Véronique Drouhin Interview, 23rd January,2012.
Véeonique is head winemaker at the Drouhin winery in Burgundy, the great granddaughter of the founder.
|What would be a typical ‘day in the life of? I usually come into the office by around 8am and by 11 am I go to the winery to taste the wine – every day we have wines to taste. All are under the process of maturation so we have to decide what needs to be done next – do we bottle the wine or leave it be? In the afternoon I come back to the office or see customers wanting to see the cellars.
You’re a well established brand but the market is pretty crowded. How do you keep ahead of the competition? It is achallenge. In our case our philosophy is simply to produce very high-end quality wine. There’s no compromise on anything, the quality always comes first. Yes, sometimes it’s hard but our name has been going for a long time and it’s a name people trust
Were you expected to join the family business, or was italways your passion? It was not expected but when I discovered I had a real passion for the wine making process. When I was that age my father hired a female wine maker and at that time, back in the 1970s, there were very few women taking care of vineyards. It was, for me, a discovery. I thought: ‘Oh, that’s something I could do, I like it very much!’ So I pursued my studies in wine making and it all worked out perfectly.
Why are there so few female wine makers?
That’s a good question. I think it’s a very demanding job if you have a family. For me it has been very nice for my husband and my children to let me take so much time out of then: life for wine. But then it was just not common for women. In Burgundy certainly they were not so welcome in wineries, only in the vineyards.
Your great-grandfather set up the business in 1880 at just 22 years old. Now, the family owns and manages 200acres. How many staff are employed in the company? We have 80 employees. The name is well known but the company is not that big. We’re lucky to have a beautiful estate and we still have the same partners and suppliers we’ve had for years. The idea is not to become too big a company, and to remain trustworthy.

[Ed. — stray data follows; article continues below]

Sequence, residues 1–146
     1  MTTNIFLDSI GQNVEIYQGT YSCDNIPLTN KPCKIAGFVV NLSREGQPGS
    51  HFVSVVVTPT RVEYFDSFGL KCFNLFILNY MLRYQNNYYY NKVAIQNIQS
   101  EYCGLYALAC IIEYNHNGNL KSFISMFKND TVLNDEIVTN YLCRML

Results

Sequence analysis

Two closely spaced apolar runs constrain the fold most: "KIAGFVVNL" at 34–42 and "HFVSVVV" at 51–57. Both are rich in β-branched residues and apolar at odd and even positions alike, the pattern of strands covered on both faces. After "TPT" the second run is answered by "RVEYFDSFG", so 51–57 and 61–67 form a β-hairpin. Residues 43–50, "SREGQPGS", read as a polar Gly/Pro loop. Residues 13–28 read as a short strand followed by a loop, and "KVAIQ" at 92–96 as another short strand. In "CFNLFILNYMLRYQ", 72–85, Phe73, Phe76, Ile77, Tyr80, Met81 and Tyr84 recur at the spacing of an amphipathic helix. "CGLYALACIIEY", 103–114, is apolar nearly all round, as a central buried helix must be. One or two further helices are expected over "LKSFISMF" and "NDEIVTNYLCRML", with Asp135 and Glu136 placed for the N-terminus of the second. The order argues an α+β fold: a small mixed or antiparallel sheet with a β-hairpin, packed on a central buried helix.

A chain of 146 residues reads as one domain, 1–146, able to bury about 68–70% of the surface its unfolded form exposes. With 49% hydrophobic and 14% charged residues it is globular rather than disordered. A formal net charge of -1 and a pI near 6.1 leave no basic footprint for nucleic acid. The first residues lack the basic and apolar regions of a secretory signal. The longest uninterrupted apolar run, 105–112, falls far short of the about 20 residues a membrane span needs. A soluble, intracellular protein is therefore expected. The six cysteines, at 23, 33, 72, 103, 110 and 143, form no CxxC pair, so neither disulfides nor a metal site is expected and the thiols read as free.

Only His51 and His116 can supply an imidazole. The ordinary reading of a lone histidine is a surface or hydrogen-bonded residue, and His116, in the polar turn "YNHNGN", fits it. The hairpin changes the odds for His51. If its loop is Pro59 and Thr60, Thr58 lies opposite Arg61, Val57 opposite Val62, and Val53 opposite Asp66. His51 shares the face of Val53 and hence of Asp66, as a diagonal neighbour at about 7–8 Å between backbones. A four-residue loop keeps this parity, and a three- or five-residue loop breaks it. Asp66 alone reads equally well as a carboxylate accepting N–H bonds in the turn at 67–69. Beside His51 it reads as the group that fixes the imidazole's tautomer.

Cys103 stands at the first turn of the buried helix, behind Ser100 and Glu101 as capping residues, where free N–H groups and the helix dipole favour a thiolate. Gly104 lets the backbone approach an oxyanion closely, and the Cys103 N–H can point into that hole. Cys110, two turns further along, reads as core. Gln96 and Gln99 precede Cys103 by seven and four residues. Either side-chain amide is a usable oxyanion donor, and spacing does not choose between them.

Your father was one of the first in Burgundy to introduce ‘culture raisonnee’ – this means organic, right? Yes, and it’s a healthy way of growing fruit – you use products you find in nature, such as herbs and natural fertilisers like manure. It is about finding natural solutions to natural problems.
“What do you remember most about vinifying the first vintage in Oregon? It was very challenging because we didn’t make one in the winery – it was in a place that had no water or electricity. But 25 years on, we’ve built a lovely four-level winery. We still work with a traditional way of wine making. Technology shouldn’t be overused, only when there’s a problem.
Are you a pinot noir or a chardonnay woman yourself? It depends on the mood, the weather. During the summer I’m more into the Chardonnay but in winter a pinot noir usually finds its way around the fireplace.